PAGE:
When I shot these self-portraits I wanted to show the side that we all hide. Grief is painful for us, and unsettling for those around us. We don’t allow ourselves to fall apart publicly and often our friends and family don’t want us to do that either. So where do we put our grief if we can’t talk about it? Mine is here recorded by my camera, it is my witness. We all need permission to mourn, however painful it may be, we need to grieve in our own time. Sometimes we try to bury our grief because we just can’t cope with the pain of it. The first year after someone dies is often described as the crazy year where some impulsive decisions might be made. Some people change jobs, move house, start new relationships because there is a desire to escape the unbearable grief. I too feel that sense to do something impulsive, I want to escape, but I am aware that this is a natural pattern when we are scared or suffering. But we cannot escape it, no matter how hard we try it will be there, but we can find a way to live with it, to go through the grieving process and become a better person for it. If we can accept that there is impermanence and suffering in this life we can appreciate each day as a great gift.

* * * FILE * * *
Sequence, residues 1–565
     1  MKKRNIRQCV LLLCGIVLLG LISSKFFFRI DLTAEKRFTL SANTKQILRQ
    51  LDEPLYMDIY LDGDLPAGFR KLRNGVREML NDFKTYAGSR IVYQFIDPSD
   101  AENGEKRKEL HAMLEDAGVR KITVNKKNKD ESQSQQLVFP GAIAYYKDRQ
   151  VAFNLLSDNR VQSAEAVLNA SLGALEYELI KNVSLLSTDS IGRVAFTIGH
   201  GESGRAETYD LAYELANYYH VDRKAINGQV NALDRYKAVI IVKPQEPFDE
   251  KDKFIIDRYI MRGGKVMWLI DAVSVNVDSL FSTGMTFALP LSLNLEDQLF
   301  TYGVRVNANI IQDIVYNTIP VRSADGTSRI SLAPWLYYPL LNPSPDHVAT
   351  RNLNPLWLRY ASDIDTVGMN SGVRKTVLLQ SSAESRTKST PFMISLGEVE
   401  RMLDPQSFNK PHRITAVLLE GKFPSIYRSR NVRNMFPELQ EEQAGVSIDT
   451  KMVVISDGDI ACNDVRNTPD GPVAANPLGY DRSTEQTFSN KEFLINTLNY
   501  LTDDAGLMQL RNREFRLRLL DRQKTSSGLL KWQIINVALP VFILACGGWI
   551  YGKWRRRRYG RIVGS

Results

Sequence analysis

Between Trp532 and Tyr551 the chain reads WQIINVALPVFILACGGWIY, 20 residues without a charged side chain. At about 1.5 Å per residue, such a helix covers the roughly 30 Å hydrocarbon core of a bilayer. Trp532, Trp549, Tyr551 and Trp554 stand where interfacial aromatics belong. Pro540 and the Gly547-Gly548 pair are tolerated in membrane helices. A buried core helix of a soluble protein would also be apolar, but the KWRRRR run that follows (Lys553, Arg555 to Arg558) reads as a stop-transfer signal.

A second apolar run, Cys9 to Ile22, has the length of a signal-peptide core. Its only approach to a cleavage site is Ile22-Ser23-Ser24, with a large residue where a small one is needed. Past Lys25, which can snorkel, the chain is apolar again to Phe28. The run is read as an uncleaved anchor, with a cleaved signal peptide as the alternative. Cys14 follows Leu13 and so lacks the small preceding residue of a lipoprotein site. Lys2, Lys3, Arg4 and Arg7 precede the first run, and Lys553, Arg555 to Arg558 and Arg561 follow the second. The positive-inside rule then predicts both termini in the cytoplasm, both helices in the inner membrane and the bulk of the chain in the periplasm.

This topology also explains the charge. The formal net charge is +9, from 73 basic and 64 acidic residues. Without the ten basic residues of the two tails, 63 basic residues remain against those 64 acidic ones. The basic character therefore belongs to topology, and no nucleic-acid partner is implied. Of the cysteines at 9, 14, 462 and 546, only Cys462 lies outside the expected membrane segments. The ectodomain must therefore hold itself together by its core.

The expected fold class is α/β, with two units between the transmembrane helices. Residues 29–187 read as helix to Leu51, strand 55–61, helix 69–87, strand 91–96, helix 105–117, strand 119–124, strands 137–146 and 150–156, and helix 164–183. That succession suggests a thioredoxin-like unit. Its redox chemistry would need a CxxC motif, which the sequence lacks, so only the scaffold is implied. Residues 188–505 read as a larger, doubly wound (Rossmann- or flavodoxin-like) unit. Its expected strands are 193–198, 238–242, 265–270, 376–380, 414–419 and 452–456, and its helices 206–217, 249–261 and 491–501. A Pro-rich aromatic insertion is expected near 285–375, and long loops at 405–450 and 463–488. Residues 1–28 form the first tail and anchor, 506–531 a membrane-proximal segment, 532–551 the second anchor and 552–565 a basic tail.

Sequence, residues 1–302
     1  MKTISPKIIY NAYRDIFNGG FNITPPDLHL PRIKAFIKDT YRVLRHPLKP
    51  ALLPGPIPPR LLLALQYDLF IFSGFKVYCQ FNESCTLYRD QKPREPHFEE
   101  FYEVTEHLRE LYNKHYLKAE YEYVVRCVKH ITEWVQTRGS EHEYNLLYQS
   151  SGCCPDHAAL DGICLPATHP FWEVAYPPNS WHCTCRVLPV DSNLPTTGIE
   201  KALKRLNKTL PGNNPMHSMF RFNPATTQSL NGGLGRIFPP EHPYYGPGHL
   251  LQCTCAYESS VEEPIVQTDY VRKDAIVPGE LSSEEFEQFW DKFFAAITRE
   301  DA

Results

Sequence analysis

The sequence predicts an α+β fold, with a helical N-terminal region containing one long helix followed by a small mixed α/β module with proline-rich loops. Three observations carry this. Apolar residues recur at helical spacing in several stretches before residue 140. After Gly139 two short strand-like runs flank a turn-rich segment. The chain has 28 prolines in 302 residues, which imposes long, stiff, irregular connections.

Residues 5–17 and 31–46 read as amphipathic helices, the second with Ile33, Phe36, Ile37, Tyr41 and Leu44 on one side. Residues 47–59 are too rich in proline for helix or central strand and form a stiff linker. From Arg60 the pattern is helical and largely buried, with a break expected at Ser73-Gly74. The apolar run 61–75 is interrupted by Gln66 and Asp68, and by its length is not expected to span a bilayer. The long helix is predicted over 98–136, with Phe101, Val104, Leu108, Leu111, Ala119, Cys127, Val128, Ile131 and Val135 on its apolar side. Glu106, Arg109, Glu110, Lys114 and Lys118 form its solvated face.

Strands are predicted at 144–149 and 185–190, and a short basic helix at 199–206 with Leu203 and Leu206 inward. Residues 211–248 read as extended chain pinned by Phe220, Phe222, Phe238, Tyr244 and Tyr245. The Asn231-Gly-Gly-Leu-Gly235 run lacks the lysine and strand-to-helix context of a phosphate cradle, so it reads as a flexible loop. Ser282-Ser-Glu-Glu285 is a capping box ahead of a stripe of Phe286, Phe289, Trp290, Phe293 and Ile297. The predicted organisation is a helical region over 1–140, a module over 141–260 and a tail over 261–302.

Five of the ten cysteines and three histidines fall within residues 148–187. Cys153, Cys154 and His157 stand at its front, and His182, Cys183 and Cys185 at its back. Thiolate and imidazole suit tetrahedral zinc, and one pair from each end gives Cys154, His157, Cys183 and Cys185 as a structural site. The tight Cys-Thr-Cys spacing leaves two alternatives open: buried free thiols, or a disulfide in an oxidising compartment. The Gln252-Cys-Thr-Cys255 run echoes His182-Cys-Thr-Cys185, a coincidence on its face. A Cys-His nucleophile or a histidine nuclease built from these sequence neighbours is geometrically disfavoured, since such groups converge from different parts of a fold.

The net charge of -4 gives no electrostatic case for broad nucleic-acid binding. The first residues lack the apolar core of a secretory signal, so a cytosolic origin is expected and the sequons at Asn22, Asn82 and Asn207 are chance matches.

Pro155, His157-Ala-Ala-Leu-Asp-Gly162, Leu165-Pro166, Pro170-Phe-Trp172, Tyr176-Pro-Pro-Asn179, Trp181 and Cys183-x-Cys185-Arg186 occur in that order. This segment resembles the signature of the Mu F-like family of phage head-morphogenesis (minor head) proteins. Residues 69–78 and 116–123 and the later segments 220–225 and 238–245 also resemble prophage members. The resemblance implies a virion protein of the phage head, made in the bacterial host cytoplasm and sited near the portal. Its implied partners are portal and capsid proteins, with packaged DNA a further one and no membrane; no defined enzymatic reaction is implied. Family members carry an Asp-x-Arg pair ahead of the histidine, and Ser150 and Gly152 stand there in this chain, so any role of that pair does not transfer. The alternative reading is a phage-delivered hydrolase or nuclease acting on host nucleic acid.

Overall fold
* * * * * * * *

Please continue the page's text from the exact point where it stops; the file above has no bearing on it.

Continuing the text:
Grief isn’t just sadness, there are so many physical changes. Would you recognize them? Christine Longaker in her book ‘Facing Death and Finding Hope’ describes the following symptoms: shortness of breath, dizziness, irregular heartbeat, disruption of normal sleep patterns, difficulty eating, manic energy, aching muscles, disorientation, short-term memory loss, difficulty concentrating or a sense that the normal world is now “unreal”. This is part of the process and needs to be recognised in ourselves and acknowledged by loved ones around us that this is us grieving.